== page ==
Canadian Underwriter

By how much UBI use increased during the pandemic

April 20, 2022   by Jason Contant

Medical mask on a car mirror

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Canadian drivers appear to be gravitating toward usage-based insurance (UBI) as the COVID-19 pandemic stretches past its second year.

Since 2019, there has been a 40% increase in the number of drivers opting into UBI when filing out a car insurance quote on the site, according to data from rate aggregator The data insights are based on hundred of thousands of quotes received on the rate comparison site every year, tells Canadian Underwriter.

The Canadian P&C insurance industry has already seen UBI uptake soar as more carriers offer these telematics-based programs. And since the start of the pandemic in March 2020, there have been fewer drivers on the road and more drivers opting to take advantage of the cost-saving, pay-as-you-drive benefits of UBI.

Louis Marcotte, chief financial officer at Intact Financial Corporation, said last year during a virtual fireside chat that those driving less than they were before the pandemic were more likely to select UBI.

“The crisis has actually pushed consumers to look for products that mimic their driving habits – first on the number of miles, given the reduction [during] the [pandemic], and then quality of driving,” Marcotte says. “As people realize that that reduces the cost of insurance, we think the take-up will be greater.” says interest in UBI in provinces where it is available increased between 2019 and the end of 2021, with a 40% increase in the overall percentage of drivers opting in to the UBI discount when filling out a car insurance quote on the site. Although the data includes the year before the pandemic, it does follow the trend in increased UBI uptake since the pandemic began.

Speedometer with telematics

“The popularity of UBI has been on a steady increase in the last few years in part due to more insurers offering the technology and increased awareness of how it works,” expert and licensed insurance broker Steven Harris says in a statement. “The pandemic really affected how much people were driving, so they started opting into technology options to help manage their premiums. Now that drivers are facing steep gas price increases as well, this remains one way they control their driving costs. More experienced drivers are opting in to UBI to take advantage of those savings.”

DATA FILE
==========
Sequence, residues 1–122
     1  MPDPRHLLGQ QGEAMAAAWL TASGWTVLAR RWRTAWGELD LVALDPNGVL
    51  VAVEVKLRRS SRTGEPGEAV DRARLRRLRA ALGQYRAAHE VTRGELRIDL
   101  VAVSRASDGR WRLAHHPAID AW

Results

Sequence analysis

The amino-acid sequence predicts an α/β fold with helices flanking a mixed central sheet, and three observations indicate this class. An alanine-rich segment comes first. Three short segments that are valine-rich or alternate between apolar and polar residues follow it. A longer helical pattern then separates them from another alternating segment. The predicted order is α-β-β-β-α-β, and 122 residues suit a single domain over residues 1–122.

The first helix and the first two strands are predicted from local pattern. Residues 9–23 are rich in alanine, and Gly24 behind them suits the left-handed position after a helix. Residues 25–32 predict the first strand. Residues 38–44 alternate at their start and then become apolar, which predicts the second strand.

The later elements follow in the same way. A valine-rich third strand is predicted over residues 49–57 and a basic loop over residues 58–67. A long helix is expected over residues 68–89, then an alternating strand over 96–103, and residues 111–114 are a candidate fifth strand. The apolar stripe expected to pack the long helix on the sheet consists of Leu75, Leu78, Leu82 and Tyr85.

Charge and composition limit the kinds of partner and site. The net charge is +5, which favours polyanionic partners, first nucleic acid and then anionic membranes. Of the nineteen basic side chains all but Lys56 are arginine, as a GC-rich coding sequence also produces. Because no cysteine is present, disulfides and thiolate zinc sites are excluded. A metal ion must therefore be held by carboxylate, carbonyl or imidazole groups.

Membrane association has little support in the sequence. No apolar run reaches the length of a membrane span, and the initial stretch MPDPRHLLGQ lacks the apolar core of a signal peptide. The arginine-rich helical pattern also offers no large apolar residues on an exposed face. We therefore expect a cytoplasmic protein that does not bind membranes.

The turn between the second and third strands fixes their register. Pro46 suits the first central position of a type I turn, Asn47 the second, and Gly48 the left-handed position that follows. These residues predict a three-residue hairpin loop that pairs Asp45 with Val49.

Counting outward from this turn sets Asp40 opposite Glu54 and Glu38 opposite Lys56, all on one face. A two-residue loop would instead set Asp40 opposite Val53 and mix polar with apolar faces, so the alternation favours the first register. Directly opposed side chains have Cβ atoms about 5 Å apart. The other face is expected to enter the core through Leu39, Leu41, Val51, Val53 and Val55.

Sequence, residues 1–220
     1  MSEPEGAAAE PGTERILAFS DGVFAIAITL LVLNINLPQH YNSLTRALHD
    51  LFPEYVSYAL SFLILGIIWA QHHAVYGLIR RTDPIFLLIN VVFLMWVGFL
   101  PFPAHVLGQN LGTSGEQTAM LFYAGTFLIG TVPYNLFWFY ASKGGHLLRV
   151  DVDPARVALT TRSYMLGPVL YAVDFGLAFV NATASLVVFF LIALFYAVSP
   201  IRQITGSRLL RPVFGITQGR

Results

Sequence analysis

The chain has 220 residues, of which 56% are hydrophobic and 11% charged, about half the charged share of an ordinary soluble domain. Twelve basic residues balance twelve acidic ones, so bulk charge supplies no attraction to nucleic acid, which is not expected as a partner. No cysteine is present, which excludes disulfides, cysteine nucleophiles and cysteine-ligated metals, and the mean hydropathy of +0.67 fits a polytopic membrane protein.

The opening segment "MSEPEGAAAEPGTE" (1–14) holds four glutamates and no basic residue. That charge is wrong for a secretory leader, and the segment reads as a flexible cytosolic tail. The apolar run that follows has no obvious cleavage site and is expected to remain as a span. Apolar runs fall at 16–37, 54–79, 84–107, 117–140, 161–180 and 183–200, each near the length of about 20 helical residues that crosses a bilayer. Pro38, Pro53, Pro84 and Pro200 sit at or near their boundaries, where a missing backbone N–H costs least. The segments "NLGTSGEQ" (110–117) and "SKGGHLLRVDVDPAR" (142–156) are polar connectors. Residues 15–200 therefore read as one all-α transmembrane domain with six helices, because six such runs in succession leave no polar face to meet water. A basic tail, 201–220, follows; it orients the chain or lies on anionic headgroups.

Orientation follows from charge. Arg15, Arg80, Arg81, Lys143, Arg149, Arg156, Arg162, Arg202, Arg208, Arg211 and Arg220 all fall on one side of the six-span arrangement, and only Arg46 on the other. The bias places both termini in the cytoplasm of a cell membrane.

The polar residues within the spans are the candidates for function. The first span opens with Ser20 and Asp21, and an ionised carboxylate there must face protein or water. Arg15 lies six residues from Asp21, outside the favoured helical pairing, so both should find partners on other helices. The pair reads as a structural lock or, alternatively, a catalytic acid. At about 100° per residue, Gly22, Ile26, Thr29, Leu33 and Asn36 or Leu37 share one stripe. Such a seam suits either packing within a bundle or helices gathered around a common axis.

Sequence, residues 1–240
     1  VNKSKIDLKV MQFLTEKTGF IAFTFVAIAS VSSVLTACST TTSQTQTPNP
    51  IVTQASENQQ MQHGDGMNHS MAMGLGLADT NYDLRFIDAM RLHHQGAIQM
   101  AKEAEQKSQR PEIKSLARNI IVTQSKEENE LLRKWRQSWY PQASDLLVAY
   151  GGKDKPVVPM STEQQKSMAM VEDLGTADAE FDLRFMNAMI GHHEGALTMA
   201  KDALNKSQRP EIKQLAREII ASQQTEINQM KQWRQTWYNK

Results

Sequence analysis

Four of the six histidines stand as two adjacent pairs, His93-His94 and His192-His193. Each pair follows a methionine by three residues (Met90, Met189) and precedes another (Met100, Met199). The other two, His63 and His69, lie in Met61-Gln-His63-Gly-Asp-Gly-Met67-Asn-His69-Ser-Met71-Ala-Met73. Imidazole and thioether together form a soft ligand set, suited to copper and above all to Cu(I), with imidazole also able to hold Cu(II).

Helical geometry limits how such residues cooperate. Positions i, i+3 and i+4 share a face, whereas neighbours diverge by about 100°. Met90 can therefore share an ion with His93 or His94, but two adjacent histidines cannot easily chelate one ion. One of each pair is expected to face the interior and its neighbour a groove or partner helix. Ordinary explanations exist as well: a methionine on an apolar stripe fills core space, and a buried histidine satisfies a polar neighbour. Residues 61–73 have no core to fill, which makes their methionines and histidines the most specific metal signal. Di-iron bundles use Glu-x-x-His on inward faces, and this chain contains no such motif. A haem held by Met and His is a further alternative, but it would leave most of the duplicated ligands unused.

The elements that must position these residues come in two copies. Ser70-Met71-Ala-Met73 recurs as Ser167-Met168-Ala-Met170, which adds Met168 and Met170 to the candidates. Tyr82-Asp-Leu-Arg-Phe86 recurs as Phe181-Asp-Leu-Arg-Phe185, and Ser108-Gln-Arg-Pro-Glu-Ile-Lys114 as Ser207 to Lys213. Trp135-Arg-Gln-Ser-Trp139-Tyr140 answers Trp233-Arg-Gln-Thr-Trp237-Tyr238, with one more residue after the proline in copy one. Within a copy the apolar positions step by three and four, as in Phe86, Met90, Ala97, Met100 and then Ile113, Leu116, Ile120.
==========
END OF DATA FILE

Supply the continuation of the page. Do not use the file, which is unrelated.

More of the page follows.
UBI involves the measuring of driving behaviour, such as total distance driven as well as sudden acceleration, hard braking, speed and time of day. Numerous insurers offer discounts based on safe driving behaviour; estimates low-risk drivers can save up to 30% on their premiums with UBI programs.

“But drivers should also be aware UBI data can increase premiums for higher-risk driving behaviour,” the rate aggregator cautions. “ also estimates distracted driving can increase premiums from 4% to 24%.” data show some interesting results. While all age groups showed an increased interest in UBI, it wasn’t the youngest, least experienced drivers who were most quickly adopting the technology.

“The highest growth was in those aged 40-49 (up 59% since 2019),” says. “Some UBI technology tracks when a handheld device is used by a driver. Drivers are less likely to be distracted by handheld devices as they age, and younger drivers are already statistically paying more for car insurance.”

Drivers aged 26-29, 30-39 and 50-59 showed an interest increased in UBI since 2019 at 50%, 49% and 48%, respectively. Those aged 60-69 and 70-79 showed the lowest interest, with an increase of 34% and 27%, respectively.

By province, the highest growth of drivers choosing UBI occurred in New Brunswick, with a 66% increase between 2019 and 2021, followed by Alberta with a 54% increase. Interest in UBI increased 36% in Quebec, 35% in Nova Scotia and 27% in Ontario.


Feature image by Creative Studio